Tissue injury in mammals elicits an immediate defense reaction, known as the acute phase response. A network of interactive, cytokines and endocrine hormones is locally and systemically activated. The liver is one of the major target organs for these inflammatory factors and responds with a coordinate increase in the expression of several plasma protein genes. The acute phase plasma proteins in circulation are essential for neutralizing harmful consequences of the injury and re-establishing systemic homeostasis. The overall goal of this project is to delineate the regulatory mechanisms activated by the inflammatory cytokines in liver cells. Specifically, this proposal focuses on the molecular mode of action of IL-6 and IL-6-like cytokines. The studies address the interaction of the cytokines with plasma membrane receptors, the consequent activation of intracellular signalling reactions, the communication of the cytokine signal to the nucleus, and the transcriptional stimulation of the acute phase plasma protein genes. Cytokine action will be characterized by starting at the two ends of the signalling pathway: from the cytokine receptor that initiates signalling and from the genetic elements that serve as end target of the cytokine signal. The following aims have been set: 1) To define the DNA elements that mediate immediate transcriptional activation of the gene encoding rat beta-fibrinogen; 2) to identify in rat hepatoma cells the transcription factors that interact with these regulatory gene elements and to assess cytokine-induced changes in the concentration, structure, and function of these transcription factors; 3) to define the structural domains in the lL-6-type cytokine receptor subunits which are responsible for signal transduction; and 4) to characterize the interaction of intracellular proteins and kinases with the activated lL-6-type cytokine receptors. The functional dissection of the gene elements will involve transcription rate analyses of hybrid gene constructs that have been transiently introduced into cultured hepatoma cells. The cytokine effect on structure and function of specific nuclear proteins will be probed by immune precipitation, metabolic labelling and binding to identified regulatory gene sequences. The peptide segments within the cytoplasmic domain of gp130 and the receptors for leukemia inhibitory factor and granulocyte-colony stimulating factor that are necessary for signal transduction will be determined by expressing appropriately mutated receptors in transiently-transfected hepatoma cells and monitoring the subsequent stimulation of cytokine-responsive reporter genes. The cellular proteins specifically associated with the activated cyotokine receptor subunits will be recovered by either co- immunoprecipitation with receptor antibodies or by receptor affinity chromatography. The relationship of these proteins with protein kinases known to be involved in hormone signal communication will be established by biochemical and immunological comparisons. The functional relevance of the proteins for cytokine signal transduction will be assessed in hepatoma cell lines that are non-responsive to cytokines.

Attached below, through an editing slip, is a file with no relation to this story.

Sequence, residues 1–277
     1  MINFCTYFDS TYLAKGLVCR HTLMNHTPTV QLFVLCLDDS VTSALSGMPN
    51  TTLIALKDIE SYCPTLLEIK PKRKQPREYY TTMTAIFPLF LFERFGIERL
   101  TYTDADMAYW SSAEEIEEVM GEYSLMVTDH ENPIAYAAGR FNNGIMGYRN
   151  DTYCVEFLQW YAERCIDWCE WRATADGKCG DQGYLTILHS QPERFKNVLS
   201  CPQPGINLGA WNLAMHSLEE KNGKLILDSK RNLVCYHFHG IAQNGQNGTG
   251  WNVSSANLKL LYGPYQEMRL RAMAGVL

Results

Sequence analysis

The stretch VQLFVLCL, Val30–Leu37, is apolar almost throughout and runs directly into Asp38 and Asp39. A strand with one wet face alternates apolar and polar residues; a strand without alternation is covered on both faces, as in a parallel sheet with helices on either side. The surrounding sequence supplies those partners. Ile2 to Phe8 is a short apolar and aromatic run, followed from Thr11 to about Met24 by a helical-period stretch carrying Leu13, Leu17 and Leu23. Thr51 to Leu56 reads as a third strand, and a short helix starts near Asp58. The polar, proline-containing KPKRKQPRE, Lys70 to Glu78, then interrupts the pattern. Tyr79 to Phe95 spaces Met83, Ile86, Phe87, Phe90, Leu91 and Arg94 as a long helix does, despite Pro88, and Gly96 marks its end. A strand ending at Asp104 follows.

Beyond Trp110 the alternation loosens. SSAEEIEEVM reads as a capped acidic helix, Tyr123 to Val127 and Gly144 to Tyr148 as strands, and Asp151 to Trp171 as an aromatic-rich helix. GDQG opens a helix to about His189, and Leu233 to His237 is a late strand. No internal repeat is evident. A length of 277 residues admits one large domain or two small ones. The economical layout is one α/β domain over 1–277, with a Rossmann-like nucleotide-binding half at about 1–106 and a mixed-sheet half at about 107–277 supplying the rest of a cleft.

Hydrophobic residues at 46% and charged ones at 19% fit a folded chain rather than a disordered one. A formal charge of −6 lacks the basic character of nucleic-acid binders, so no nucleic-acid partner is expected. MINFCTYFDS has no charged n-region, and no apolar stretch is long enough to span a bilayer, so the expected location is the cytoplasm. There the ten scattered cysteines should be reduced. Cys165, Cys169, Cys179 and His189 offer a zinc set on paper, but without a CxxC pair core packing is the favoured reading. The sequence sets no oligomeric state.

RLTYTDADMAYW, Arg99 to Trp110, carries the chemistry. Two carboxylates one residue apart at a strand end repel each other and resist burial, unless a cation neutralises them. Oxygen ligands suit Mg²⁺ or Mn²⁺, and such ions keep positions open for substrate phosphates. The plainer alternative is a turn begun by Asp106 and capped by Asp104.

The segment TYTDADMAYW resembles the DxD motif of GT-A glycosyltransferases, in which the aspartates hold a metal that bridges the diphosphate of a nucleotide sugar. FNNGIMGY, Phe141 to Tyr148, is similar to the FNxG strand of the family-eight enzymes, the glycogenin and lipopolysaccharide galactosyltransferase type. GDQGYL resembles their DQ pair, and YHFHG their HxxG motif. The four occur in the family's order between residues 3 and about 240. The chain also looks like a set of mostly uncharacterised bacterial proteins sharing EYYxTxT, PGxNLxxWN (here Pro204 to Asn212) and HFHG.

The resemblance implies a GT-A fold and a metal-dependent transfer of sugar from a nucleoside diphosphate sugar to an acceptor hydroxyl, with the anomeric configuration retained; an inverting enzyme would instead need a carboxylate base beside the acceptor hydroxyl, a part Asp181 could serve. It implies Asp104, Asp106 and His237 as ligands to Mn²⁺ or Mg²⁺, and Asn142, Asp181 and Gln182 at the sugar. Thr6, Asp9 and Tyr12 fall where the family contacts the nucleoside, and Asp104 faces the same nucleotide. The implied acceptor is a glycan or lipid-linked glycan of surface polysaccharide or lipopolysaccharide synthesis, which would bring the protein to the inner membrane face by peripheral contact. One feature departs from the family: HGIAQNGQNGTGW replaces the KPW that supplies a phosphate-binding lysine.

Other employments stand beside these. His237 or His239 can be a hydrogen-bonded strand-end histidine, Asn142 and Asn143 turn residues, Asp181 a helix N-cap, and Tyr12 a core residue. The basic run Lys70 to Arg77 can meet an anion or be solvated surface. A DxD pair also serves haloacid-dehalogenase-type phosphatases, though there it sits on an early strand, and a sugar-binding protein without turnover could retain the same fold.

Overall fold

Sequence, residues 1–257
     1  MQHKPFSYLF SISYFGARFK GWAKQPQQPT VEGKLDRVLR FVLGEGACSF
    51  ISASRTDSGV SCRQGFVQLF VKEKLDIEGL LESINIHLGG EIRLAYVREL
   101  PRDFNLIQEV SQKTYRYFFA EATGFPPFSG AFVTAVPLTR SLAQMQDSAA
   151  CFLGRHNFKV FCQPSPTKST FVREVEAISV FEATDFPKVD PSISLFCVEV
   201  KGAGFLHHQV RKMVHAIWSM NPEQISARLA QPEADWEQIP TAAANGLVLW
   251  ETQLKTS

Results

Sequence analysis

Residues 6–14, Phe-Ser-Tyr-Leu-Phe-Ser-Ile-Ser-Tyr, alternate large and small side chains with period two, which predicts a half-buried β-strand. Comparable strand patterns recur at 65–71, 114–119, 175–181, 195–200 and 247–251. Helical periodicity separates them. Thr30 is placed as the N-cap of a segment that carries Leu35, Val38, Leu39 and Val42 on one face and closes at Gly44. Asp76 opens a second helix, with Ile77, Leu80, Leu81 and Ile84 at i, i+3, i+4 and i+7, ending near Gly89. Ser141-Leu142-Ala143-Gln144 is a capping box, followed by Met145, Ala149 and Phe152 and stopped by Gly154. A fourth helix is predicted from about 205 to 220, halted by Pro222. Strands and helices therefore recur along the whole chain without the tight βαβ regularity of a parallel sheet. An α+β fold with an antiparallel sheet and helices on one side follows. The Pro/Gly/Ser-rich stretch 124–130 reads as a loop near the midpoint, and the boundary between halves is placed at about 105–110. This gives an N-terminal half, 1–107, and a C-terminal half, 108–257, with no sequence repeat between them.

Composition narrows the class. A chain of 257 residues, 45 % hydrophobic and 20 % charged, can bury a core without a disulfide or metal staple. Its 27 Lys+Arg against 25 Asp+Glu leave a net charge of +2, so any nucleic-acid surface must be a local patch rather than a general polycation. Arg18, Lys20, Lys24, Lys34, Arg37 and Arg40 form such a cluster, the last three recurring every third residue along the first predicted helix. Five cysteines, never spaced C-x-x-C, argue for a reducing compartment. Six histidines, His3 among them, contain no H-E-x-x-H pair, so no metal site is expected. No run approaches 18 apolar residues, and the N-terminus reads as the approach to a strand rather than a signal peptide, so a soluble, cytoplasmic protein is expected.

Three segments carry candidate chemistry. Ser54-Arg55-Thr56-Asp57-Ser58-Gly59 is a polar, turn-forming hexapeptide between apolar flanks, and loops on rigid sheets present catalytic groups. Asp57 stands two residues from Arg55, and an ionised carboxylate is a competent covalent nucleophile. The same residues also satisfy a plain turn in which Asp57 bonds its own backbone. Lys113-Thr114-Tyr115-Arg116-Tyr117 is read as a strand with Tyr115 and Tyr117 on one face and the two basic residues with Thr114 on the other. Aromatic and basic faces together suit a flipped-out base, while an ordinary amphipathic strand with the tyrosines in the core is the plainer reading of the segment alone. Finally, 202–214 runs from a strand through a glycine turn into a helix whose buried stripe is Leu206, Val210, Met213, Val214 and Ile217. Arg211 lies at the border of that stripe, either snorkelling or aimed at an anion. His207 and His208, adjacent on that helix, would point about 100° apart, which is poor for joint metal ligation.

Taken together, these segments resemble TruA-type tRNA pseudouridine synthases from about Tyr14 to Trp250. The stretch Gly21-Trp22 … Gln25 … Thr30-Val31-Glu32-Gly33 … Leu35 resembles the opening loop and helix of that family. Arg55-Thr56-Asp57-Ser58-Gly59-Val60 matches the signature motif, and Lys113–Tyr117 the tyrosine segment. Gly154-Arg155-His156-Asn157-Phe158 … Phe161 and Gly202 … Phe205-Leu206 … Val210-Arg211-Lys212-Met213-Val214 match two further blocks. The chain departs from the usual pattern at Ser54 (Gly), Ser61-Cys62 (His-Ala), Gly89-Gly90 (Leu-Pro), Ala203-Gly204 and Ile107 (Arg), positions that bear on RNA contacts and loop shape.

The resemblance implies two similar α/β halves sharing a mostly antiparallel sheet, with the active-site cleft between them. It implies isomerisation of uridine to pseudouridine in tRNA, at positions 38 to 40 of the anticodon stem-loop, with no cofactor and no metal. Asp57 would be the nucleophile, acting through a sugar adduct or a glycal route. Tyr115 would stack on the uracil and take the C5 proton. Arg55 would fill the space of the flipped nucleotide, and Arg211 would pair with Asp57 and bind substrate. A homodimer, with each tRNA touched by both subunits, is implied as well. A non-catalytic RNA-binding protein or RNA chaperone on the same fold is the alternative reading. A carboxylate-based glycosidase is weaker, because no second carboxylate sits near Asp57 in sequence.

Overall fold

National Institute of Health (NIH)
National Cancer Institute (NCI)
Research Project (R01)
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Cellular Biology and Physiology Subcommittee 1 (CBY)
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Roswell Park Cancer Institute Corp
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